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I have a C# application that downloads a list of .xml files from an on-line data warehouse. This application dumps the files into a local directory and it takes roughly 1 hour before all 10k files have downloaded. This is a daily process.

I need to take each of these files and extract, transform and load the contained data to a database. I would like to do this in parallel with the download as I don't want to wait until all files are downloaded before I commence the ETL process. Unfortunately, the XML files contain large quantities of data, so I can ETL about 10 files at a time. What's a good strategy for achieving my parallel loading requirements?

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What strategies have you come up with so far? What other constraints do you have? What size files? How much data? What is your current ETL process? –  Oded Jul 4 '10 at 12:39
The only constraints is that I can't have too many(as each file is loaded into a DOM) files been loaded simuntaneously. Files are ~ 2MB each. There are 10k files. ELT process consists of a .exe that parses the XML and writes the parsed data to the SQL Server database. –  Guazz Jul 4 '10 at 12:46
Not a dupe, but cerainly related: stackoverflow.com/questions/3135237 –  Henk Holterman Jul 4 '10 at 14:44
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2 Answers 2

You can optimize your situation with some thread pools.

First add all of the files to be downloaded to a queue which is protected by synchronization.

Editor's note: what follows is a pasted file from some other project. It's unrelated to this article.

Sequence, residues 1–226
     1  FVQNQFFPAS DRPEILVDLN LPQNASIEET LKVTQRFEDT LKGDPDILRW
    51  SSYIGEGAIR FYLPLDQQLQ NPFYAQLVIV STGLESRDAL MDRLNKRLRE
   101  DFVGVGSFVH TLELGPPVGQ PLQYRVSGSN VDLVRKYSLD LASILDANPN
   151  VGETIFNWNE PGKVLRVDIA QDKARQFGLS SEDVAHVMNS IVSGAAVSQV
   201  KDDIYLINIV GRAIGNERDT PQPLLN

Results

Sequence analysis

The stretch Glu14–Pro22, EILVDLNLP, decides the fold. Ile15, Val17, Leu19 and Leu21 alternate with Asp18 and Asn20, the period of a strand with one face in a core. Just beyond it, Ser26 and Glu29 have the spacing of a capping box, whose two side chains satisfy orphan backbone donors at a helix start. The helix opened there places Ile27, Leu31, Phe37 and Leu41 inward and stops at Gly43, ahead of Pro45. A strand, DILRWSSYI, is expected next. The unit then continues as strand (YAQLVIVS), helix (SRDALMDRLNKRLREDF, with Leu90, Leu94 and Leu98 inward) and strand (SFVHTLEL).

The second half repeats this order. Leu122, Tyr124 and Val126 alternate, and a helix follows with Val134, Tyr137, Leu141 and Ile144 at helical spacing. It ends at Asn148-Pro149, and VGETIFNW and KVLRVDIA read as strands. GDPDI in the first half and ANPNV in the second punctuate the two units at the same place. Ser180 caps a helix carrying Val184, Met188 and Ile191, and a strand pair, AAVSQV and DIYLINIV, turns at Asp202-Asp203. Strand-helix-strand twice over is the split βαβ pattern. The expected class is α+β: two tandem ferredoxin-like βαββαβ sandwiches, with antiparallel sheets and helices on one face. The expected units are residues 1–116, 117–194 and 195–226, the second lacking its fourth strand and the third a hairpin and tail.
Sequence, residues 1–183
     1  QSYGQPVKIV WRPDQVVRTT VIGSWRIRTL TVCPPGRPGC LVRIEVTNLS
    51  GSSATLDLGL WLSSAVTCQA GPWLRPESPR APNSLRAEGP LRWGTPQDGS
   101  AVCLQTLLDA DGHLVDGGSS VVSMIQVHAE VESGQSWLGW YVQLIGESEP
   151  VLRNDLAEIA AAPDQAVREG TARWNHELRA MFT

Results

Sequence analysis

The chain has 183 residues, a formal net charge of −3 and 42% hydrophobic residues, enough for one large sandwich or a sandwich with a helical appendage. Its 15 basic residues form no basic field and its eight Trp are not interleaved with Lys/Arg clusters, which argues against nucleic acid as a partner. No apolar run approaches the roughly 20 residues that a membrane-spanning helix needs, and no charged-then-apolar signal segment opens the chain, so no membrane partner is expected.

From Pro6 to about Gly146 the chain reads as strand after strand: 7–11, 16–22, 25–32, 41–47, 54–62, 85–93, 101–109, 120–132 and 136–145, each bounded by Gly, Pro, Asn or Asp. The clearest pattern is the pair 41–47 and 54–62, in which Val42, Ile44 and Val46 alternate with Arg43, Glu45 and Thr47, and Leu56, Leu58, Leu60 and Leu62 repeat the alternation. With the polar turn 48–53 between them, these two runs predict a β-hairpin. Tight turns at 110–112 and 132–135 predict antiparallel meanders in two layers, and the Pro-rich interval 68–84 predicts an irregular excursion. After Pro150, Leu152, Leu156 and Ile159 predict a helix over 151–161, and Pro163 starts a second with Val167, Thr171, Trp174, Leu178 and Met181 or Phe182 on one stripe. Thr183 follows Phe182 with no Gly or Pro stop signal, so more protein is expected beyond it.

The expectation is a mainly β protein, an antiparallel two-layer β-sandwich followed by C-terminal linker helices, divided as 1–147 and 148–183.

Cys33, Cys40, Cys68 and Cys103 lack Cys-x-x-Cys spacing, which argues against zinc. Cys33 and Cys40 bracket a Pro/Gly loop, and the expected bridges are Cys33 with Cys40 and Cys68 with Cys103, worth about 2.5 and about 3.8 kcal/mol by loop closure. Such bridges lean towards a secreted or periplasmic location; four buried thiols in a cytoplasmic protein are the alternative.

You would have a thread pool for downloading the files, when a file is about to be downloaded, you remove it from the list of files to be downloaded. After you successfully download the file, you add it to a another queue of work which is to be processed. If there is an error of some kind, you can re-add it to the queue of files to be downloaded. Each thread would end itself if there are no more files to be downloaded in the queue.

While that is running, you would have another thread pool for processing the actual XML files, the thread pool of workers would take from that queue of already downloaded XML files. Each thread would end itself if there are no more downloaded XML files to be processed AND if the other thread pool is already finished.

Make sure you take care of synchronization considerations on the queues (example: protect with a mutex for insertion, removal, ...)

By using thread pools you can set how many threads to use without affecting the program logic. You would determine the best value based on how many resources you want to take and other considerations like too many thread pools has no benefit and just focuses the CPU too much on task switching.

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If that is too complex for your needs, you might want to look into Parallel.ForEach / Parallel.For. Also, the new Task class (TaskFactory.StartNew(...)) and continuations (e.g. download finishes and then goes to a processing function).

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